Six things you might not know about RAIN RFID
Hospitals are increasingly looking to RFID to help solve some of the operational challenges in healthcare. RFID solutions can provide organizations with in-depth information about the identity, location and authenticity of important assets, devices, medical supplies and people as they move around their facilities – ultimately with the goal of increasing efficiency and reducing costs. And, RFID is making life a lot more efficient for organizations and safer for the patients who depend on them. What is RFID technology and how is it used? In this article, we’ll take a look at six things that are not commonly known about RFID.
But first, how does RFID work?
There are two main types of RFID: active RFID, which requires battery power, and RAIN RFID, which is battery-free (passive), wireless technology that uses a single, global standard (UHF Gen 2v2 or ISO/IEC 18000-63). In this article, we’ll take a look at RAIN RFID.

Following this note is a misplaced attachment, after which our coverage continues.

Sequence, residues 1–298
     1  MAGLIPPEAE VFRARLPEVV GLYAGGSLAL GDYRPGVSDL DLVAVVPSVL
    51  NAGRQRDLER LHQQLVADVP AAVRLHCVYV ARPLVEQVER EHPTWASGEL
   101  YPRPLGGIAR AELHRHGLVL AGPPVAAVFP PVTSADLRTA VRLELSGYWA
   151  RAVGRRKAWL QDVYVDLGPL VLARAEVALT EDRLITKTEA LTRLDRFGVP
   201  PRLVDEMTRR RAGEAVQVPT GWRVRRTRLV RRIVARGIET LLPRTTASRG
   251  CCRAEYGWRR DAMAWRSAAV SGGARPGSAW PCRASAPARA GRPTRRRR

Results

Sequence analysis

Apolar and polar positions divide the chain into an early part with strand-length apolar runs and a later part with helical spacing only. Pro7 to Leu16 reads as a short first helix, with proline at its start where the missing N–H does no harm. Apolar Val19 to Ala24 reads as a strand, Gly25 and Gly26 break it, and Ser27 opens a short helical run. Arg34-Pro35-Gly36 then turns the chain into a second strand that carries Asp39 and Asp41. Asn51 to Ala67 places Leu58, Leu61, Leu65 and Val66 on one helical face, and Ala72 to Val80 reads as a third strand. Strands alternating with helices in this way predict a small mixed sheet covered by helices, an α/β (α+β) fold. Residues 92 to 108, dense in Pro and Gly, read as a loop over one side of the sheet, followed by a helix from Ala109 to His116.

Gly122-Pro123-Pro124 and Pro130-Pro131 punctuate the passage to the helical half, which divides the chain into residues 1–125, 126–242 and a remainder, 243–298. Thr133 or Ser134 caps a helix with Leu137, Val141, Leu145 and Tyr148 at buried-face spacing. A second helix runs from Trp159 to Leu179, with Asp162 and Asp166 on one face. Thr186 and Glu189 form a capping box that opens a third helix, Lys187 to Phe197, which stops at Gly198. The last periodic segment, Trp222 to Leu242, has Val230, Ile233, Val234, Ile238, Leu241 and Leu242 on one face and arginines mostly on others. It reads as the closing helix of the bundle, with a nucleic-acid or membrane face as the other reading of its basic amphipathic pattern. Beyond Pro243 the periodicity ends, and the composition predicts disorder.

A RAIN RFID tag is attached to or embedded in an item. This tag contains a unique number that identifies that item. RAIN RFID readers and gateways wirelessly power and communicate with these tags and provide the connectivity between tag data and the hospital systems and software that needs the information. Readers can be held by a person, embedded in cabinets, installed in doorways, hallways or ceilings to keep track of tagged items in large spaces.
Data from the tags is sent to a software application that analyzes the information and applies an action or designated business process. For example, once a hospital staffer moves a tagged IV pump into a designated room, a biomedical team would then be notified to pick up the pump for cleaning. By tagging all the equipment needed for a surgery, surgical staff can validate that the necessary equipment is in the room before the surgery begins.